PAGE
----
This week, Gapka was awarded the key by Toronto Mayor John Tory for her two decades of work on housing and homelessness, mental health and LGBTTQI issues – and transgender issues specifically.
The “key” is a symbolic award, and a high honour. Cities bestow keys like this to recognize someone’s contributions to making them better. Gapka shared the honour with six other Torontonians this week. She is the first transgender person to be honoured in this way.
Gapka is a member of CUPE 2998 and works as an educator and facilitator at The 519, a community organization at the heart of Toronto’s LGBTTQI community.
Mayor Tory presided over the award ceremony at Toronto City Hall on May 17 to mark the International Day against Homophobia, Transphobia and Biphobia. The mayor called Gapka an “inspiration” and credited her with helping him understand more clearly the challenges facing transgender people. Tory praised Gapka’s tenacity and the role she has played for two decades as an advocate for gender-diverse people in their fight to access housing, health services and other supports.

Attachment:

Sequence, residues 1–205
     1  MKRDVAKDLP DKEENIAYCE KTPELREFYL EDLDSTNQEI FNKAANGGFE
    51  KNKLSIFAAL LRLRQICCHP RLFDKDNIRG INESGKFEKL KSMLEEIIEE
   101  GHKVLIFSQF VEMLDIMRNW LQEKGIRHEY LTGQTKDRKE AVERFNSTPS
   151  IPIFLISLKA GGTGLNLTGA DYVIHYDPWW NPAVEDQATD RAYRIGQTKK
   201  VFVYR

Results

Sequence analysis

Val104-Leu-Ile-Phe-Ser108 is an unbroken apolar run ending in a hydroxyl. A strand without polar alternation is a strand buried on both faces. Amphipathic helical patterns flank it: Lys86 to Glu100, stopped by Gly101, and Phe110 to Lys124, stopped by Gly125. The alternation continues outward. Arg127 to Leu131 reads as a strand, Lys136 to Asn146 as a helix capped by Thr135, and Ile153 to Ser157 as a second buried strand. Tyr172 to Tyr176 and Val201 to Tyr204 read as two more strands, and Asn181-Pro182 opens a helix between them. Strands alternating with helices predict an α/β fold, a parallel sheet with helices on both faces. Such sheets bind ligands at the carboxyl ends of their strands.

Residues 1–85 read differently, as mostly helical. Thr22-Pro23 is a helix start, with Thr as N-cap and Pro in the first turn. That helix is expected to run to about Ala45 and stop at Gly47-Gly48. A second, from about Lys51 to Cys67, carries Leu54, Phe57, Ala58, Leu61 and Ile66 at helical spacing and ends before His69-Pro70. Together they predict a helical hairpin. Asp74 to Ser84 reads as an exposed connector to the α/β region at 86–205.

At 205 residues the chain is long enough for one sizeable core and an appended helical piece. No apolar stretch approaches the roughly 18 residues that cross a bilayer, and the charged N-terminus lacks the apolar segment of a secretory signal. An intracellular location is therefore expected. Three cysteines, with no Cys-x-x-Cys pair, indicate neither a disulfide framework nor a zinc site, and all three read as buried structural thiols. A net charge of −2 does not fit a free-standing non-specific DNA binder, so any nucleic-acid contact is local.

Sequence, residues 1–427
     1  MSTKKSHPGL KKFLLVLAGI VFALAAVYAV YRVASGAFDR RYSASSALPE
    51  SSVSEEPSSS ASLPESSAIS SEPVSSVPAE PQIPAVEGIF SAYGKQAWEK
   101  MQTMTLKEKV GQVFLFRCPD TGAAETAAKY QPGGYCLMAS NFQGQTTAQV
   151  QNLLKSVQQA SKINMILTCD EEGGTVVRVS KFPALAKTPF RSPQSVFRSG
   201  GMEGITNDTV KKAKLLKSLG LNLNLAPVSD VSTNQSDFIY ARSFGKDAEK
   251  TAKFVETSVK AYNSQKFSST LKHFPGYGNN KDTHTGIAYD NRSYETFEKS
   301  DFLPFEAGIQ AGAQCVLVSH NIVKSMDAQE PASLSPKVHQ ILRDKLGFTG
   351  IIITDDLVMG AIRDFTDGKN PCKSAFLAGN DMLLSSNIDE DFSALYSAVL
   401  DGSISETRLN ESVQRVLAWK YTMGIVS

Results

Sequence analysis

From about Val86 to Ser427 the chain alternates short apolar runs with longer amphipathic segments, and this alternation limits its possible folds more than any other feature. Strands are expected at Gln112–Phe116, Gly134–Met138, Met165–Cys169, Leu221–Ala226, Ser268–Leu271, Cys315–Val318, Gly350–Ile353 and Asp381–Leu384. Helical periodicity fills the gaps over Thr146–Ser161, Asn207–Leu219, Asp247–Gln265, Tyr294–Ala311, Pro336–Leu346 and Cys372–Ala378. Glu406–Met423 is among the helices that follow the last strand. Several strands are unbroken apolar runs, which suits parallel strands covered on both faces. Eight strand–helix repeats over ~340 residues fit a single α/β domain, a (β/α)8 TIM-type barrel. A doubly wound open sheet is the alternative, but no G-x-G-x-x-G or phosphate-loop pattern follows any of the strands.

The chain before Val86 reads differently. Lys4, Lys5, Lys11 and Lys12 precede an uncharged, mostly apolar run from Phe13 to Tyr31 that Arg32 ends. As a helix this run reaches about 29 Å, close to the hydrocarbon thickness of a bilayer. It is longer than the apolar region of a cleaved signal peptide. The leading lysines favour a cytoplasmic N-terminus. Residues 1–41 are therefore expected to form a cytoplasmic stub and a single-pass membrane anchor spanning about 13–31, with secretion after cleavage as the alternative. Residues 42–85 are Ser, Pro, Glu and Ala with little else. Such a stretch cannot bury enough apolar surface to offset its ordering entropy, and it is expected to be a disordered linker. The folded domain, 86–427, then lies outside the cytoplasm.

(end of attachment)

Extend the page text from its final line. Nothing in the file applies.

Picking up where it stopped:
Gapka said the recognition was surprising and heartwarming.
“I’m trying to enjoy the moment, I’m a little overwhelmed,” she admitted. “I think it’s good to recognize what we’ve achieved. At the same time, we recognize there’s more to be done. Not everyone has a key to access an apartment, or health care, or social services and income security.”
Gapka is proud of the role CUPE plays in helping workers fight austerity at the local level – and our union’s work to end poverty. It takes a village to change the world, she said, and CUPE is a big part of that effort, in Toronto and across the country.
“We’re all united in this struggle,” Gapka said. “Everyone deserves a decent job, access to health care, transportation, food, and protection from precarious work. Let’s hope this key helps open the doors for others.”